In 2019 Banbury Lions Club will be celebrating 50 years during which its members have brought ‘friendship and help to those in need’.
Back in January 1969 the club became the newest branch of the largest service organisation in the world, Lions International.
One of the 21 founder members, Les Hyde, made a memorable speech at Banbury Charter Dinner.
In proposing the toast to this town he hinted at an appropriate motto based on that well-known golden syrup tin depiction of a lion ‘out of the strong came forth sweetness’.
The club’s aim is the same today, to serve the local community and provide help to the less fortunate wherever they are in the world.
An example of this was provided 30 years later by incoming president Vic Ince, who revealed that the new millennium would have special meaning for the 40 or so Banbury Lions Club members.
This was because of the Lions International involvement in a project to set up ‘eye camps’ in India. Their approach was to raise money to fund the movement of local doctors out of their hospitals to perform the vital eye operations.
Inventiveness within the Banbury Lions was encouraged by an unusual monthly memorial award to the member who had carried out a task with particular excellence.
This was highlighted in the Banbury Guardian for July 15, 1993.
The first Peter Taylor award, a badge, which combined four inches of blue elastic with brass fitting derived from the late solicitors trademark braces, was given to Lionel Breedon for his hard work in organising the Donkey Derby at the Banbury Show, and also for arranging prizes for the Lions Golf Tournament.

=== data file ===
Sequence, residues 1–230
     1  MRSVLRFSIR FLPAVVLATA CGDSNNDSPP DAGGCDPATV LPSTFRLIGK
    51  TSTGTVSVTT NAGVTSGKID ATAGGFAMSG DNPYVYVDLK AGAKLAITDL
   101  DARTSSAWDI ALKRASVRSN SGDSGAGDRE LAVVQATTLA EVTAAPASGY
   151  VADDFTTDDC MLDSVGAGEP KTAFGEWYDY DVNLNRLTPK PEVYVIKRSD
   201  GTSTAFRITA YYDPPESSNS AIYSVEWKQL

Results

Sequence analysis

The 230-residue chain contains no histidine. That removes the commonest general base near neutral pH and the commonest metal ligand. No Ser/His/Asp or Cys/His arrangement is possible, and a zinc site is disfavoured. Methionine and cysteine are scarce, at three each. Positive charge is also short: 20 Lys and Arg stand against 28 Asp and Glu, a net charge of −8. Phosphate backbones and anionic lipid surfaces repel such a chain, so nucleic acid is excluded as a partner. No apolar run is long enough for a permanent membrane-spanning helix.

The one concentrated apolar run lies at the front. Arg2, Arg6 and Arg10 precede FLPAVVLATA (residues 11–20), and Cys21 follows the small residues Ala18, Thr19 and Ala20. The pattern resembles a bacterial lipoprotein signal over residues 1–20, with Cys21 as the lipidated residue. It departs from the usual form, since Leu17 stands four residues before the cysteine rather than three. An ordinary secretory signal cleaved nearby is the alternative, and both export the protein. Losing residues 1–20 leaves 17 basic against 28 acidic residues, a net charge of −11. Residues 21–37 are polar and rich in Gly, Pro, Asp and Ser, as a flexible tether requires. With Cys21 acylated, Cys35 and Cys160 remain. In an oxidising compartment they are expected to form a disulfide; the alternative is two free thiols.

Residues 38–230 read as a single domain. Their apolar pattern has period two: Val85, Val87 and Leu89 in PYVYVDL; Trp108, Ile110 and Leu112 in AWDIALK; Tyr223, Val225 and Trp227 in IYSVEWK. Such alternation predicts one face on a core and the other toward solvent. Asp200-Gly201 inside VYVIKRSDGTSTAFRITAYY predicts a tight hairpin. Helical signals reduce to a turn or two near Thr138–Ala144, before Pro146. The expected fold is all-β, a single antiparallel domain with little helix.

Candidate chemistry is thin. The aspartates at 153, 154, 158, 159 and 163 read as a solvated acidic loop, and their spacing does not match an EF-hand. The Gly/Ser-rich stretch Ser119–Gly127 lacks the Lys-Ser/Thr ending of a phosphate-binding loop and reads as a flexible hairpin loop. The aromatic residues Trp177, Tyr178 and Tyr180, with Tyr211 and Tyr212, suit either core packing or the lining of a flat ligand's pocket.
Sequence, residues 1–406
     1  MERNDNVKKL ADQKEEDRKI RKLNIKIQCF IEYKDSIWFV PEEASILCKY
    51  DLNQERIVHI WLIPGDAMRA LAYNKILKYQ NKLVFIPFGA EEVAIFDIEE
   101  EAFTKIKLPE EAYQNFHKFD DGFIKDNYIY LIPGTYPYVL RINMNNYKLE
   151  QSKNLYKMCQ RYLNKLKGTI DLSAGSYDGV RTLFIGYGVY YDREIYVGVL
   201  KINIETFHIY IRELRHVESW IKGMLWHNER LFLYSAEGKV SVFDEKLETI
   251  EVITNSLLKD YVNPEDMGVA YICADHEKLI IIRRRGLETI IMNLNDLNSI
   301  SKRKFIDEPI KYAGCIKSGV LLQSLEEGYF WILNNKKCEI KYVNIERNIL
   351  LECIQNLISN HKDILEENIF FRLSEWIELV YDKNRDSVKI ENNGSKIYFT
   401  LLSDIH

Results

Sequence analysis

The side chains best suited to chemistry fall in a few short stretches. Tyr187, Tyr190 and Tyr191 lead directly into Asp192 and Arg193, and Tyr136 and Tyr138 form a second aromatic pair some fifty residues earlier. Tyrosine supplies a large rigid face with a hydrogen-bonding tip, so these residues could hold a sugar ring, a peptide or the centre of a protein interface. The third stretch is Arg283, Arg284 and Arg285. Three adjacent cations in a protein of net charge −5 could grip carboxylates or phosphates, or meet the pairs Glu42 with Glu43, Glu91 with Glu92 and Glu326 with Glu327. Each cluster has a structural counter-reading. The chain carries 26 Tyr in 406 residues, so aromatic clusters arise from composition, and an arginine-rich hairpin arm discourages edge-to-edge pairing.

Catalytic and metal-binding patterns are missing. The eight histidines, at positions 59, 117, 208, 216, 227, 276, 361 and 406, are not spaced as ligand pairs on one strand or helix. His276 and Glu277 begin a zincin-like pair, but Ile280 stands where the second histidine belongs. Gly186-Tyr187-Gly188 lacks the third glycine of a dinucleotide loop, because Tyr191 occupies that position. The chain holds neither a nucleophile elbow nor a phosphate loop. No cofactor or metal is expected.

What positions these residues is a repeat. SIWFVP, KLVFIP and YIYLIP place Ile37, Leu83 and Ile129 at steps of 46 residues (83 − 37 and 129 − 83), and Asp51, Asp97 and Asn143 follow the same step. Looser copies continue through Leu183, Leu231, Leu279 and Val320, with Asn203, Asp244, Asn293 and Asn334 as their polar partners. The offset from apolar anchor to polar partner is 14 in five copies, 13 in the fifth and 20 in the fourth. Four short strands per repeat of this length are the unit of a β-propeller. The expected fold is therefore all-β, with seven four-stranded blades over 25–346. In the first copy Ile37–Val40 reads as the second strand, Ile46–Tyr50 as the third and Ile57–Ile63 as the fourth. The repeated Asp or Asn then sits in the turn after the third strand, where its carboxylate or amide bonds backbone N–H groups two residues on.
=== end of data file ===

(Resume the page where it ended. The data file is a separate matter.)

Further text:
High profile events to celebrate anniversaries have been a feature of the Lions calendar.
Readers of the Banbury Guardian issues in January 1989 could not have failed to anticipate what chief reporter Keith Wood described as ‘Lions big birthday festival’ to mark their 20th anniversary.
It consisted of a series of events aimed at raising money for local charities including the Horton Hospital special baby incubator appeal and national charities.
The music festival got underway in February with dancing to Acker Bilk and his Paramount Jazz Band. Come Valentine’s Day entertainment switched to Freddie and the Dreamers, best remembered for their hit You Were Made for Me.
The Rhymney Silurian Choir, National Eisteddfod winners in 1988, provided a contrast.
Celebrations came to an end with a folk and ceilidh dance when Dave Pegg entertained audiences with an all-star band that included fellow members of Fairport Convention and friends.
On the eve of their 40th anniversary in 2009, readers of the Banbury Magazine were reminded of the numerous ways in which the Lions had given community service.
Great emphasis is placed on service to the community at large and provision of entertainment has always been seen as the means of achieving this objective, often working with other service organisations such as Rotary and Round Table.
High on the list was the Old Time Music Hall that began in 1971.
Although not the only venue, the North Oxfordshire Technical College theatre proved to be an excellent location.
Especially significant was the unusually wide stage space.
Each year music hall acts included groups better known in other venues, including Fred Nicholl’s Big Cats said to be appearing by special request and also the Bodicote Hamsters who had been ‘released from hibernation for another season’.
By name they were John Cheney, Richard Walford and Pete Goodway.
There can be no better comment about the Music Hall Shows than one from Fred Nicholls: “The provision of entertainment on the scale of 1981 enabled the Lions Club members to achieve their financial and other objectives”.
Besides large fundraising events the Lions is a hands-on group helping individuals and local groups.
A recent example was the rebuilding of the garden at the Redlands Resource Centre benefitting clients both young and old.
Currently the club is working to provide defibrillators at key points around the town and education in their use.